So it’s not surprising that some Canadian women are reconsidering who they’ll be voting for this fall. The country is no closer to a national child-care program, which Trudeau has promoted, and funding the government pledged to stem the housing crisis facing Toronto, Vancouver, and other urban centers has been slow to materialize. Electoral reform, an initiative backed by many women’s organizations that Trudeau promised to execute, has been halted. And the Liberals’ inquiry into missing and murdered indigenous women has stalled.
Read: Why women still can’t have it all
Many of the feminist efforts Trudeau has championed are international ones, such as his establishment of a so-called feminist foreign policy and his efforts to restore some of the international funding for women’s reproductive health that was slashed by Donald Trump.
That has led to a striking difference in how Trudeau has been perceived abroad and at home. The Canadian leader has made headlines around the world for, among other things, stating that he’ll raise his sons as feminists, photobombing a prom photo shoot in Vancouver, demonstrating his core strength in a viral photo of him doing a peacock pose, and sharing a beer with Barack Obama in Montreal. In the Trump era, Trudeau’s warmth and charm have earned him an international reputation as a liberal boy wonder, advocating for stronger women’s rights, better environmental protections, and more stable relationships with indigenous groups.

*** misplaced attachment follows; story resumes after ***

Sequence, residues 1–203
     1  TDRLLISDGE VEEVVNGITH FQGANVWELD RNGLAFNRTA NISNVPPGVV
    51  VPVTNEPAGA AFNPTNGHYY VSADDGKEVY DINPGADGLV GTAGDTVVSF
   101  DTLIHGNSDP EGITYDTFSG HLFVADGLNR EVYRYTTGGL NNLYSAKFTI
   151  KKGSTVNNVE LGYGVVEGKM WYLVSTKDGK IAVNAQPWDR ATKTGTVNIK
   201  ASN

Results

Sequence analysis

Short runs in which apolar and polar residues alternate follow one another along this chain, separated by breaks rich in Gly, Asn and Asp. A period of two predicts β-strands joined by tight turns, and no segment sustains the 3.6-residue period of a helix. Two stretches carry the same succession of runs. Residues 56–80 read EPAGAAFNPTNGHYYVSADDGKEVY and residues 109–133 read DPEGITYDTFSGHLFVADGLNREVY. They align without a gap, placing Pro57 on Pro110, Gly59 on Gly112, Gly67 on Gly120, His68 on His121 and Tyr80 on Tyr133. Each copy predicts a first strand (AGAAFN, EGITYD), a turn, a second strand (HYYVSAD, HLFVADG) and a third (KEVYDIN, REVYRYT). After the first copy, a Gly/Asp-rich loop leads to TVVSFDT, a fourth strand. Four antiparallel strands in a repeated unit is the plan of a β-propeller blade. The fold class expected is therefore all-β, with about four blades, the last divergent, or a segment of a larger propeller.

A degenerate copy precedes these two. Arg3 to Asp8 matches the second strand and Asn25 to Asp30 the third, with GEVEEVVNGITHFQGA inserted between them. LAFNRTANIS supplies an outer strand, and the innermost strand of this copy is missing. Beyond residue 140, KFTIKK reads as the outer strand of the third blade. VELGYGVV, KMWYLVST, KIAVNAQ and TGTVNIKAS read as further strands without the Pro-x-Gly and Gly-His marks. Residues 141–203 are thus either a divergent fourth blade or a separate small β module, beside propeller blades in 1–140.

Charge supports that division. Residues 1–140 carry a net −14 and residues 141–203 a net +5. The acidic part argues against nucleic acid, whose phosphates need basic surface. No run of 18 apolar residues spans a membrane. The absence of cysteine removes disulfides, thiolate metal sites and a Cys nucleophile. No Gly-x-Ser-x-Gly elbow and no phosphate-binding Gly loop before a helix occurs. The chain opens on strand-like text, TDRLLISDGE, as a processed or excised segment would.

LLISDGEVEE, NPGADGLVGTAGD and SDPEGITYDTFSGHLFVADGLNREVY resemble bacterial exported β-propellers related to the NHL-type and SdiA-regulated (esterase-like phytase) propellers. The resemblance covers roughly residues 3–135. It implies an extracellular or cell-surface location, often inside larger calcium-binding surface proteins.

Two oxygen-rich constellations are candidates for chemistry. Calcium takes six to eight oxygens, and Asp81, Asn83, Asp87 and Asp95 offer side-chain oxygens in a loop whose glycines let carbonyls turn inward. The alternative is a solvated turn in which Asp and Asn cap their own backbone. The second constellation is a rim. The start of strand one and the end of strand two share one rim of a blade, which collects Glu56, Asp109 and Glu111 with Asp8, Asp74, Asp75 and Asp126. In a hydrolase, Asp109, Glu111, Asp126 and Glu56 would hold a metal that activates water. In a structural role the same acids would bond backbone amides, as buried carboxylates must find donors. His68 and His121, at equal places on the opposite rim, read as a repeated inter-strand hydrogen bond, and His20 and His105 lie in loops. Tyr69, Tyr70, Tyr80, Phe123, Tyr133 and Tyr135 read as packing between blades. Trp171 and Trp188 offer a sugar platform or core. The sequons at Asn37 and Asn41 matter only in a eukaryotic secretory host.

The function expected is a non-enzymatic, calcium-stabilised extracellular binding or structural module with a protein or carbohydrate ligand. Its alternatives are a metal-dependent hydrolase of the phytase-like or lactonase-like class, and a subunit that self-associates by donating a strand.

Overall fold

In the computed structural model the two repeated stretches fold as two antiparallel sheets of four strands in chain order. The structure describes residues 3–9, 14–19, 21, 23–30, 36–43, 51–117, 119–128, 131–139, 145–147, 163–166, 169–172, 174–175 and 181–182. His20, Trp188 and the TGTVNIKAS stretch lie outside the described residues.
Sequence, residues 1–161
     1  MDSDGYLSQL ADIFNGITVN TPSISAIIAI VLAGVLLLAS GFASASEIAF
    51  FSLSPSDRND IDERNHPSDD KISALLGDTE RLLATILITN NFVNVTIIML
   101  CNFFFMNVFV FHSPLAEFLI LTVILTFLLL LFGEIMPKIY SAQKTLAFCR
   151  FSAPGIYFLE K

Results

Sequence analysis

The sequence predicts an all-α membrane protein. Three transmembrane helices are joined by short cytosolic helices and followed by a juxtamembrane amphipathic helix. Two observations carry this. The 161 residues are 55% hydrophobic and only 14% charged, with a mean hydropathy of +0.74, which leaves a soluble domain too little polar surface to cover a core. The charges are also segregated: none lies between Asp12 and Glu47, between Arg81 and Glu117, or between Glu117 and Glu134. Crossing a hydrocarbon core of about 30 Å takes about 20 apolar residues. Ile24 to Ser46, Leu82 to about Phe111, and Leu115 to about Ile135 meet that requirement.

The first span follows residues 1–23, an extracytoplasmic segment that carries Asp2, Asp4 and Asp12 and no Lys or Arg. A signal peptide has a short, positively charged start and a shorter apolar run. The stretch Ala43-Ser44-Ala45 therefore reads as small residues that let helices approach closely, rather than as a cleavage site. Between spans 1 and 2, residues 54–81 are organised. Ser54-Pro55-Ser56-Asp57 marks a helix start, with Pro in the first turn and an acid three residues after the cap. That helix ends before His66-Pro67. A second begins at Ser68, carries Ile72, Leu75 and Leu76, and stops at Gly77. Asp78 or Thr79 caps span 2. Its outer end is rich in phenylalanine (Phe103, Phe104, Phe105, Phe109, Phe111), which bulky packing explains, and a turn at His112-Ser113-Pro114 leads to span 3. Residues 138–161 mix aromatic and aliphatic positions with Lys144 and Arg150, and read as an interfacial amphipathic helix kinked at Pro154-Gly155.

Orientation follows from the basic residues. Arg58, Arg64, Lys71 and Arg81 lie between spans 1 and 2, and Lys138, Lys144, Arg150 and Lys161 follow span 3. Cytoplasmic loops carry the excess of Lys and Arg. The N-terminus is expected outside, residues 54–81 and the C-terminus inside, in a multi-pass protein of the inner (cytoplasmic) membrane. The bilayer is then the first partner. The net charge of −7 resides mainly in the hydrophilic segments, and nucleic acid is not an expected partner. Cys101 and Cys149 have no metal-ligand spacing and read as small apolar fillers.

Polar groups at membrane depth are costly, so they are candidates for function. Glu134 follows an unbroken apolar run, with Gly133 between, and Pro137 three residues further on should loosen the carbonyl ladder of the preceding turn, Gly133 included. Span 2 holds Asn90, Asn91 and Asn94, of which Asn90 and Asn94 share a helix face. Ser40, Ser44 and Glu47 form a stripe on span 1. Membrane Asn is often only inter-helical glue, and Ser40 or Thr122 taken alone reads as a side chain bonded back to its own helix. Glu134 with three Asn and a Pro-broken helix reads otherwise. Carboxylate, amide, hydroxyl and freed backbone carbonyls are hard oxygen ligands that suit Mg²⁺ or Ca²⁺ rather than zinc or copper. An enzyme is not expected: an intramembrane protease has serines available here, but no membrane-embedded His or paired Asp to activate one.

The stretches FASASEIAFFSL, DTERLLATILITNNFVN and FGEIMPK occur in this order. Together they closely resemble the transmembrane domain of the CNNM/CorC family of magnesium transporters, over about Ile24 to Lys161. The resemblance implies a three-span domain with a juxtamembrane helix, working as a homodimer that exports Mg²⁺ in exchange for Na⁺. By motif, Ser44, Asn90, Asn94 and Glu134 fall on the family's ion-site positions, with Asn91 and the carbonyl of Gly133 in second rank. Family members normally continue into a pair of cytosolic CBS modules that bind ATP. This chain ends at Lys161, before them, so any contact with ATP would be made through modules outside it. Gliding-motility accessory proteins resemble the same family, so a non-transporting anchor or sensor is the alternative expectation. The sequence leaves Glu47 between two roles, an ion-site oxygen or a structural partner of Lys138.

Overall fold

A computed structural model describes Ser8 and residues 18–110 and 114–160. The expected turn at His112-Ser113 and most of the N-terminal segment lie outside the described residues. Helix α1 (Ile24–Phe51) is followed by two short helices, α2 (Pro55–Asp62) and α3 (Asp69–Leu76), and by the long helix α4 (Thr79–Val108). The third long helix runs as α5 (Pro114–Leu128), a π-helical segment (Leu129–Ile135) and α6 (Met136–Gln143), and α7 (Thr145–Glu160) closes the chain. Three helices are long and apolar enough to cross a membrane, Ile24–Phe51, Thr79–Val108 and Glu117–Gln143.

Back home, Trudeau’s fondness for antics such as balancing babies in the palm of his hand, cuddling pandas at the zoo, and posing with his hands in a heart before a pink backdrop for the press have led to one Toronto writer calling him “the political equivalent of a YouTube puppy video”—satisfying, but lacking depth. It’s a criticism that has followed Trudeau since the start of his term, but one that feels even more salient now. For Bashevkin, the political-science professor, what this scandal illustrates most starkly is the prime minister’s and his team’s lack of experience. “I think if he’s actually going to do what he says he will, which is think about how to learn from these events, I’d suggest that he might think about revaluing the women who are currently and were formerly in cabinet,” Bashevkin says.
It’s a disappointing coda for the gender-parity initiative. If Trudeau weathers this scandal, he’ll almost certainly run for reelection in October, and he might win. But his treatment of Wilson-Raybould and his response to the snowballing crisis give more fuel—this time with evidence—to the critics who have long accused him of being a superficial feminist, and those cries will become louder and more sustained during the campaign. If Trudeau doesn’t get reelected, Canadian voters will swing back to the Conservatives, a party that opposes gender quotas in the cabinet, signaling the death knell for an initiative that stood for something much greater when Trudeau’s term began.
Amid it all, one point is strikingly clear: For Canadian women who want to use their vote to ensure an equal seat at the governance table, no major party in their country can offer them even that.